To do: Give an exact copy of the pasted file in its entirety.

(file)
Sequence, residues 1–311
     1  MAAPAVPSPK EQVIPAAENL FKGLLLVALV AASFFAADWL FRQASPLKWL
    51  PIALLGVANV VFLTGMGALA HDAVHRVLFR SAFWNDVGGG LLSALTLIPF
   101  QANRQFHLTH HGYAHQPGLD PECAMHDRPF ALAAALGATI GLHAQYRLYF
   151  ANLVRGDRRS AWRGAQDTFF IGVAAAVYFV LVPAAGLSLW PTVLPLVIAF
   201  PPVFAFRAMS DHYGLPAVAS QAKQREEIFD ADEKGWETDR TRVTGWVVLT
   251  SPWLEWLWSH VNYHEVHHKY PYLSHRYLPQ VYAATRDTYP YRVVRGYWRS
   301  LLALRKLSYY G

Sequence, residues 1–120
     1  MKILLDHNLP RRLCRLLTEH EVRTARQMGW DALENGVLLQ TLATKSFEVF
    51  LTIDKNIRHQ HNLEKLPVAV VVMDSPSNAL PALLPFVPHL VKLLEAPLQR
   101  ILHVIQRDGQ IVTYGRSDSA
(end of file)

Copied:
Sequence, residues 1–311
     1  MAAPAVPSPK EQVIPAAENL FKGLLLVALV AASFFAADWL FRQASPLKWL
    51  PIALLGVANV VFLTGMGALA HDAVHRVLFR SAFWNDVGGG LLSALTLIPF
   101  QANRQFHLTH HGYAHQPGLD PECAMHDRPF ALAAALGATI GLHAQYRLYF
   151  ANLVRGDRRS AWRGAQDTFF IGVAAAVYFV LVPAAGLSLW PTVLPLVIAF
   201  PPVFAFRAMS DHYGLPAVAS QAKQREEIFD ADEKGWETDR TRVTGWVVLT
   251  SPWLEWLWSH VNYHEVHHKY PYLSHRYLPQ VYAATRDTYP YRVVRGYWRS
   301  LLALRKLSYY G

Sequence, residues 1–120
     1  MKILLDHNLP RRLCRLLTEH EVRTARQMGW DALENGVLLQ TLATKSFEVF
    51  LTIDKNIRHQ HNLEKLPVAV VVMDSPSNAL PALLPFVPHL VKLLEAPLQR
   101  ILHVIQRDGQ IVTYGRSDSA